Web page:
Of all the adventures I had over the years with my cousin Henry, I think the one everyone found hands down most entertaining was the time he traded me to a Mexican for a pitcher of beer (“And a t-shirt!” Henry would always add).
Over the last (almost) 16 months since losing Henry, I’ve gotten requests to share that tale, among others, but I needed to get to a place in my grieving where I could talk about him and not break down. Last year, his birthday, which is today, was difficult to get through. As Henry used to say, “Your dad died on my birthday” to which I’d always answer, “No Henry, he died the day after your birthday” to which Henry would reply, “Well, your mother called and said (and with this he’d launch into a pitch perfect impression of my mother) “Happy Birthday Henry, Uncle Bob is dead” which then proceeded into the conversation we had countless times about that particular subject.
Last year was the first Henry birthday with no Henry, but on the heels of that day was the anniversary of my father’s passing where I was the same age as him, which was a whole other head trip and so all of it sort of got tangled up in my head and seemed like just too much sadness for one soul to bear, but my dear friend Betty gently told me that I needed to not jumble it all up together, that it was all just a coincidence, which is exactly what Henry would have said, because that’s exactly how Henry talked me off various ledges over the years.
It’s been hard to square in my head how we lost Henry – by taking his own life for reasons we will never know – with the Henry that I knew. They just simply don’t match up and my dear husband has told me time and again I will drive myself nuts trying to make them match up, so I’ve gotten to this point where I’ve given up trying. I can only deal with the loss of Henry, not the how and I know Henry, of all people, would totally understand this and probably tell me that was just fine and it was okay to stick with what I could handle.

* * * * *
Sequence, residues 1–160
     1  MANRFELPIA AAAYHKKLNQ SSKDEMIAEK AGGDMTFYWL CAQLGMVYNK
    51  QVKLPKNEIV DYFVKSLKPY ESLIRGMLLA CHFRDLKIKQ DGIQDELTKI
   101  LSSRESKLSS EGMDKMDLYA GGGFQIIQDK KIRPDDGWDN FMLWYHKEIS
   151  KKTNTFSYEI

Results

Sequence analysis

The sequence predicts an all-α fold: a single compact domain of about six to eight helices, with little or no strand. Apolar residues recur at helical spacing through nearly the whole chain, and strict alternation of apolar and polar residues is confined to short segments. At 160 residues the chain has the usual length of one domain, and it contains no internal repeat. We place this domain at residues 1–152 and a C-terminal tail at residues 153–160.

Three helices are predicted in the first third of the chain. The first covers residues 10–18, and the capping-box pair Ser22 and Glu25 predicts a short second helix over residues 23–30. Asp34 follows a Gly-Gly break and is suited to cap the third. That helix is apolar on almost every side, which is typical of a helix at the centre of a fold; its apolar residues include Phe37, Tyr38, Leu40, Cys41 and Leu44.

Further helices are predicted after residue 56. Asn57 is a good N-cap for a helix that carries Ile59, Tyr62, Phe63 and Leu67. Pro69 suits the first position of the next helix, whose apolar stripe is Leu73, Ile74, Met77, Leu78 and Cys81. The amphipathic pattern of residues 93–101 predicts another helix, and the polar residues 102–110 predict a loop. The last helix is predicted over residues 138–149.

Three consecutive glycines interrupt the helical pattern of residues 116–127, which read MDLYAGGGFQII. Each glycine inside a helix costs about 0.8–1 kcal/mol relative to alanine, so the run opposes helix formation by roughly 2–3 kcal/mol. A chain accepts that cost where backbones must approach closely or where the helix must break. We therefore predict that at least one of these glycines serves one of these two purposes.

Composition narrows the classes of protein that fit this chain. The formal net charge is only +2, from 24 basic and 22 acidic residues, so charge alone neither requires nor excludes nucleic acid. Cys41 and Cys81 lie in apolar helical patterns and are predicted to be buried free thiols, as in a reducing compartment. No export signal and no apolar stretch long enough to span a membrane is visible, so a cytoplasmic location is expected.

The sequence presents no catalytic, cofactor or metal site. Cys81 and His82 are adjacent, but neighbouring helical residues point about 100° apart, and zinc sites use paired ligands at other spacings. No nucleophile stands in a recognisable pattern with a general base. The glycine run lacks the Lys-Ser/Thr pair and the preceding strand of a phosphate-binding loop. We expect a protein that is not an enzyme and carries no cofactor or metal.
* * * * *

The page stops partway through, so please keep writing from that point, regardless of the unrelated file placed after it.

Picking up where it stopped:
And so this year, on Henry’s birthday, I want to celebrate him and remember him fondly. While I have many tales of our adventures – how he fostered and definitely nurtured my not-so-secret fondness for food that’s not food (one of my earliest memories is being at the penny candy counter at the drug store that’s no longer there on Reisterstown Road in Pikesville, where he very convincingly told me I needed to try the chocolate twizzlers), how we seemingly couldn’t walk down the street without stopping for a beer (except for that one road trip to Syracuse where we had Edie with us and Henry promised Pat we wouldn’t drink in the car with her and he kept his word), how we’d go into a bar and because neither one of us had ever met a stranger (something we inherited from our Granddad), Henry and I would start chatting up the bartender (which we both were for a number of years) and next thing you’d know, Henry would have gotten me a free shot or three of tequila, how we could pick up a conversation (or a game) started years ago and keep going, how we could talk about anything and everything, with some of our best conversations happening not over beers, but over coffee first thing in the morning. He was always reminding me to not take myself so seriously (sometimes by just leaving me a box of frosted brown sugar pop tarts for breakfast), to be good to Pat and to set a good example for Edie. Although he never had kids, he taught them, which gave him some insight I suppose and he felt free to give me unsolicited parenting advice, most of which involved telling me what I could do better, from the standpoint of someone who never failed to tell me how much he loved me or how strong he thought I was. He was kind, he was wicked smart and he was funny as hell. He left a mark on this world and I know I’m not alone in missing him, especially today.